ECG analysis is described elsewhere [23]. Briefly, a 10-second 12-lead ECG was recorded using the PageWriter TC50 ECG system (Philips Medical Systems DMC GmbH, Hamburg, Germany) after a supine resting period of at least 10 min. The ECG of each participant was manually evaluated based on published criteria with particular focus on rhythm and conduction disturbances, ST-segment and J-point changes, T and U waves, PR and QT interval, hypertrophy, and QRS morphology [24]. AF was defined as irregular atrial rhythm with f-waves, documented in resting ECGs recorded at the research center. PR length was measured in milliseconds and categorized as PR prolongation if PR interval was measured >200 ms.

Neuroimaging and assessment of white matter hyperintensities

WMHs were assessed on T2-weighted fluid attenuated inversion recovery (FLAIR) MRI scans with the four-stage Fazekas classification, which ranges from 0 to 3 [25]. All cMRI were performed with the same scanner (3-Tesla MAGNETOM Verio Scanner, Siemens, Germany). T1-weighted MPRAGE and FLAIR images were performed as part of a standardized protocol: MPRAGE [flip angle (FA) = 9°, relaxation time (TR) = 2300 ms, inversion time (TI) = 900 ms, echo time (TE) = 2.98 ms, 1 mm isotropic resolution, acquisition time (AT) = 5.10 min]; FLAIR (TR = 5,000 ms, TI = 1800 ms, TE = 395 ms, 1 × 0.49 × 0.49 mm resolution, AT = 7.02 min). Neuroradiologists were trained to rate WMHs using the Fazekas stages and were blinded to the individual’s diagnosis. WMHs can be divided into two subgroups depending on their location. A distinction was made between periventricular WMHs (PVWMHs), which run along the ventricular systems, and deep WMHs (DWMHs), which are located in the subcortical white matter [26].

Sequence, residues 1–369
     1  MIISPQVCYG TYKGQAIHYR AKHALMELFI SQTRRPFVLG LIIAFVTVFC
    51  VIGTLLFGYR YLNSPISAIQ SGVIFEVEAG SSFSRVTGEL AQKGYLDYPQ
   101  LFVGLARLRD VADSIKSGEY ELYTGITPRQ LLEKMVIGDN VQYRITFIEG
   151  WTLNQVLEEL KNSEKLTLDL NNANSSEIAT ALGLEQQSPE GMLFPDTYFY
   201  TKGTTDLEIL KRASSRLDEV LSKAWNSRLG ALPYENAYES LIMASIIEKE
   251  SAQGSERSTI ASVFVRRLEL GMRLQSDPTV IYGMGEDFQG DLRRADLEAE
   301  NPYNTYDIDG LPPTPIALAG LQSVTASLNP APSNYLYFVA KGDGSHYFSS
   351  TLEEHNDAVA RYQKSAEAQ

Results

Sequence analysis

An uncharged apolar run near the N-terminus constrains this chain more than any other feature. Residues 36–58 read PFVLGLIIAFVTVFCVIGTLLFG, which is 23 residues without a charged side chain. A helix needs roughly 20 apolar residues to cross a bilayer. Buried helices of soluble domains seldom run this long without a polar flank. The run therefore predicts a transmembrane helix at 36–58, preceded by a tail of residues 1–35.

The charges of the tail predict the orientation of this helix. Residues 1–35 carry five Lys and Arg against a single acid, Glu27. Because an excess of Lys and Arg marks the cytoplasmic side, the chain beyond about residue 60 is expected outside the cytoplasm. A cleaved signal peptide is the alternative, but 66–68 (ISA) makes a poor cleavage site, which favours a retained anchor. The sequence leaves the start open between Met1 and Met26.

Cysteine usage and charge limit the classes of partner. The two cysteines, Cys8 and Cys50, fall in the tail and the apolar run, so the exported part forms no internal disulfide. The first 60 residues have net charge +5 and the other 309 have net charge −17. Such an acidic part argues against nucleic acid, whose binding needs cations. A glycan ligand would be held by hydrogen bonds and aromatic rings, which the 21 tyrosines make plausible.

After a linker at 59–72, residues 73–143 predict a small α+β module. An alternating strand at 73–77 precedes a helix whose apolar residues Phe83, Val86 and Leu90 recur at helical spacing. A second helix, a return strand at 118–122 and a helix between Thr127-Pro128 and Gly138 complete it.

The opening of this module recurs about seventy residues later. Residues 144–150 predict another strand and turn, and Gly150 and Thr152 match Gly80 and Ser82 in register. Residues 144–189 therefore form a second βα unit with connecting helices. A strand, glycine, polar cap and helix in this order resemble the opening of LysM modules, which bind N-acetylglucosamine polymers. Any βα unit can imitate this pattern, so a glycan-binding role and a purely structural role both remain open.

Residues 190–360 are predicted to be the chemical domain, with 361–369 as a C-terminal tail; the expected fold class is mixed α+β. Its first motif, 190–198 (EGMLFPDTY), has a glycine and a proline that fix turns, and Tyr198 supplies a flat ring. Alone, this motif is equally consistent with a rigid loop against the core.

Punctiform lesions in the brain parenchyma represent perivascular enlargements without substantial tissue damage. Confluent lesions, on the other hand, can show progression over time and lead to incomplete ischemic tissue destruction [25]. The Fazekas stage classification is the most frequently applied assessment tool for WMHs in everyday clinical care, enabling reliable quantification of WMHs. They assess the overall burden of cerebral WMHs ranging from zero (no WMHs) to three (severe WMHs) [27].

Laboratory measurements